Acner.org: Acne treatment

Acner.org: Acne treatment

Acne Scar Tips

Acne Scar Tips

Acne scars are the byproduct of moderate to severe forms of acne. When an acne lesion becomes so inflamed that it reaches down into the skin's dermis layer, the damage can be left behind in the form of an acne scar. Acne scars can appear as small dips below the skin or can be deeper, more narrow grooves, according to Kids Health. Although treatments for scarring are available, a person must also control his acne before treating scarring.

Control Existing Acne

Many dermatologists are hesitant to pursue acne treatments until a person's acne is completely healed, according to the American Academy of Dermatology. Because the skin is still changing and subject to an increasing number of acne scars, it's important to first control any existing acne. Also, taking some medications such as isotrenoin may make acne scars worse when treated.

If you have persistent or painful acne, see a dermatologist who may be able to evaluate your current treatment methods or evaluate prescription options that may be beneficial. Examples of these include stronger topical medications or even oral medications, such as antibiotics or Accutane. These products may require several months to take effect but are very adept at clearing skin problems and conditions. Once acne is sufficiently controlled and breakouts are infrequent, you can begin to more invasively treat acne scarring.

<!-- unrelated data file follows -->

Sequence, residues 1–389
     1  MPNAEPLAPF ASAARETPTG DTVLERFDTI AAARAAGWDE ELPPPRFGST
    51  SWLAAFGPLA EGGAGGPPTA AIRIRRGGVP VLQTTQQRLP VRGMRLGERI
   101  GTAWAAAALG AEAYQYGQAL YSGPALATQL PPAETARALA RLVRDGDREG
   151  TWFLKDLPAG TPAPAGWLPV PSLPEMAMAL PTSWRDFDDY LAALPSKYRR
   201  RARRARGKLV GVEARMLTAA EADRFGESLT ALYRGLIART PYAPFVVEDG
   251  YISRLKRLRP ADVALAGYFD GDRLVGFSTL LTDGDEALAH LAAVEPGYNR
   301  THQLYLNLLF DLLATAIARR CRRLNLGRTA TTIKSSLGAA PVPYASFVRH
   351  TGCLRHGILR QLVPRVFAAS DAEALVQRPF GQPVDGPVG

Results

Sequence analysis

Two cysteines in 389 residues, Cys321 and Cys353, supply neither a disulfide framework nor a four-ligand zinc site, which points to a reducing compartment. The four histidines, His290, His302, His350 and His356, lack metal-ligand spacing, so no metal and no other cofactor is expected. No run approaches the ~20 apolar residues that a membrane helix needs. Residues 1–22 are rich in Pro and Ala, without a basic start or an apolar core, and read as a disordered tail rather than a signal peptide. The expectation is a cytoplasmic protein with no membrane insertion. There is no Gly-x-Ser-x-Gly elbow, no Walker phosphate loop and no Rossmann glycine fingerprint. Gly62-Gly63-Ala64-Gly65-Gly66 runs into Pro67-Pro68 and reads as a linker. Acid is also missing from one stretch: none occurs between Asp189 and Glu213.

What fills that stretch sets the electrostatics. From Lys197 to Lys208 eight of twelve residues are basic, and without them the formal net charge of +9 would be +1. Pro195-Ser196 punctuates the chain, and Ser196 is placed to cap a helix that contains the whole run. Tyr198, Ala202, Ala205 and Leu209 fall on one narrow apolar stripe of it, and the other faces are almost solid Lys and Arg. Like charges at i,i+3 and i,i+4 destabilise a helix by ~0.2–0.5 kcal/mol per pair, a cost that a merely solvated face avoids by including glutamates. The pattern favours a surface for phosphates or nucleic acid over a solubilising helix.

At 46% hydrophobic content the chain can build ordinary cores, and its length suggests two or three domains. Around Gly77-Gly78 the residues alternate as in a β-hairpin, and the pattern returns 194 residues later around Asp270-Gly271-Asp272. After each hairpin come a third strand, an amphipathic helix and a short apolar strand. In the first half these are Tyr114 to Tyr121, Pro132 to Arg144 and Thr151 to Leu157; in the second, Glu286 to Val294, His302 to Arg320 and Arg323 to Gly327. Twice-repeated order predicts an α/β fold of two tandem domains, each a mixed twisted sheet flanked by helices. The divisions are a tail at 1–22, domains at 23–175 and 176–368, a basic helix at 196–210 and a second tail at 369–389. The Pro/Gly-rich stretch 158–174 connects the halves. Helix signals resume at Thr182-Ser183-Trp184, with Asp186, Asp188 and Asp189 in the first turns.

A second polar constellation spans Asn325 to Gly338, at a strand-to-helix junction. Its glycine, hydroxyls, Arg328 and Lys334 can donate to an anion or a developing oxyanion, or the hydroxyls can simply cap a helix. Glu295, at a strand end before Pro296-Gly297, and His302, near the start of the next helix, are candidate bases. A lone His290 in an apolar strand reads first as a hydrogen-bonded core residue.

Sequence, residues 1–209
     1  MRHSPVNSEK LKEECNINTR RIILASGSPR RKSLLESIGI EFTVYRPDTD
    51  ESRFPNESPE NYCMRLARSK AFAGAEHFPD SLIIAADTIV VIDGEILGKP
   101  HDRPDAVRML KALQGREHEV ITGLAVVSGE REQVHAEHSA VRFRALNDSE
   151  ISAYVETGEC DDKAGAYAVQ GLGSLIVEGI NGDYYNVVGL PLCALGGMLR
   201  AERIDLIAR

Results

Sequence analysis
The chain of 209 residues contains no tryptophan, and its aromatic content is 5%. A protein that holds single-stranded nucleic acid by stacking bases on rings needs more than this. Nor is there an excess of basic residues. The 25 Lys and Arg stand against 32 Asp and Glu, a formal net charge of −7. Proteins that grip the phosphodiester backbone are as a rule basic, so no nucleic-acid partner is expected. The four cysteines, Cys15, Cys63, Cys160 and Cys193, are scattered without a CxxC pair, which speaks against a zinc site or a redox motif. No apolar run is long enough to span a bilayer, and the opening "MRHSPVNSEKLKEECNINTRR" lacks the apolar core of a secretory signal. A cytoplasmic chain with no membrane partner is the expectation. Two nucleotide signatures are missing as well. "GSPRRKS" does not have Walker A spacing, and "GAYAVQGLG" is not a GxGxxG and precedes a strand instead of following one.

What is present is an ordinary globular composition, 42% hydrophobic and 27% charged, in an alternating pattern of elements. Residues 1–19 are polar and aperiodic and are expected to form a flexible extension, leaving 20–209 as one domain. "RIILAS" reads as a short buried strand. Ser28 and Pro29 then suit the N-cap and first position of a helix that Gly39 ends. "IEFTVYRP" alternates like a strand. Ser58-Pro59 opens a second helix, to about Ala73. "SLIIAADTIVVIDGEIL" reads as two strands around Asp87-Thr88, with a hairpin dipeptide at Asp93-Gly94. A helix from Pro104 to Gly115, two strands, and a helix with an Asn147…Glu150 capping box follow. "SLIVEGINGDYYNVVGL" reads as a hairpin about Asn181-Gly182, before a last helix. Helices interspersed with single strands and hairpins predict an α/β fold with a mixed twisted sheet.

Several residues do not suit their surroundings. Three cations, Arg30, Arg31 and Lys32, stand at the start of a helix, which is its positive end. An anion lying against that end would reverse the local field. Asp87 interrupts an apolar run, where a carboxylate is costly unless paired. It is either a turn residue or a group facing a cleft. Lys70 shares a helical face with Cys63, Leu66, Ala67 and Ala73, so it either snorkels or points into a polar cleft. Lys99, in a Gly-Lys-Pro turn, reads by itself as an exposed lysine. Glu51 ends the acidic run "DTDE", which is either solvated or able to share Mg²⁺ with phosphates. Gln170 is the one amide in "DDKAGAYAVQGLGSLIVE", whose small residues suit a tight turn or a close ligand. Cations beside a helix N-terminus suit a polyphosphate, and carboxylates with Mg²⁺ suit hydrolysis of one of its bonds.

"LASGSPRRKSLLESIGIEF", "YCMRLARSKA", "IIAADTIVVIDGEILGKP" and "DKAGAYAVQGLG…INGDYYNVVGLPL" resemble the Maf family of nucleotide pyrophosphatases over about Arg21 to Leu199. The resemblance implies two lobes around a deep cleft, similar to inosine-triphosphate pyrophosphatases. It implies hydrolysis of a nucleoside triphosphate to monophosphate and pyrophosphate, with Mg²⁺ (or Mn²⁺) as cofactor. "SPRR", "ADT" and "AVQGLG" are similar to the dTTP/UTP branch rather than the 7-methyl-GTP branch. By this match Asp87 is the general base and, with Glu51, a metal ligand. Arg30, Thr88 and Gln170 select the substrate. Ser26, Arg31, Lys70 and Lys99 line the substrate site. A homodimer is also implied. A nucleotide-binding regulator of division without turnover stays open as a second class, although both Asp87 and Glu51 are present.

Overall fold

Explore Your Options

Acne scars can be different shapes and sizes, meaning a one-size-fits-all treatment approach won't work. For example, dermabrasion treatments to abrade the top layer of skin are useful for treating shallow, yet more sizable scars, according to Acne.org. For smaller, shallow scars, treatment options such as laser resurfacing or chemical peels may be better. Very deep scars may be restored to the skin's surface by a treatment known as augmentation, which involves injecting collagen into the scar to encourage skin cell growth and plumping the skin.

Refrain from Squeezing or Popping

Though some acne scars are a byproduct of the lesion itself, others can be due to trauma from squeezing or popping an acne lesion, according to Kids Health. This added trauma to the skin from the force of squeezing the skin can damage the skin, resulting in scarring. Although it can be difficult to resist the urge to pop a lesion, leave this action to a professional dermatologist or aesthetician, who can evaluate if or when a lesion should be drained to minimize scarring.

Apply Herbal Treatments

Applying aloe vera juice or gel twice daily on an acne scar may help to reduce the scar in terms of size and color, according to Health 911. The aloe plant promotes healing, yet it may take six months or longer to see results. You can purchase a plant for your home and cut a piece from the plant, applying it directly to the face. Or, buy a gel or cream product.

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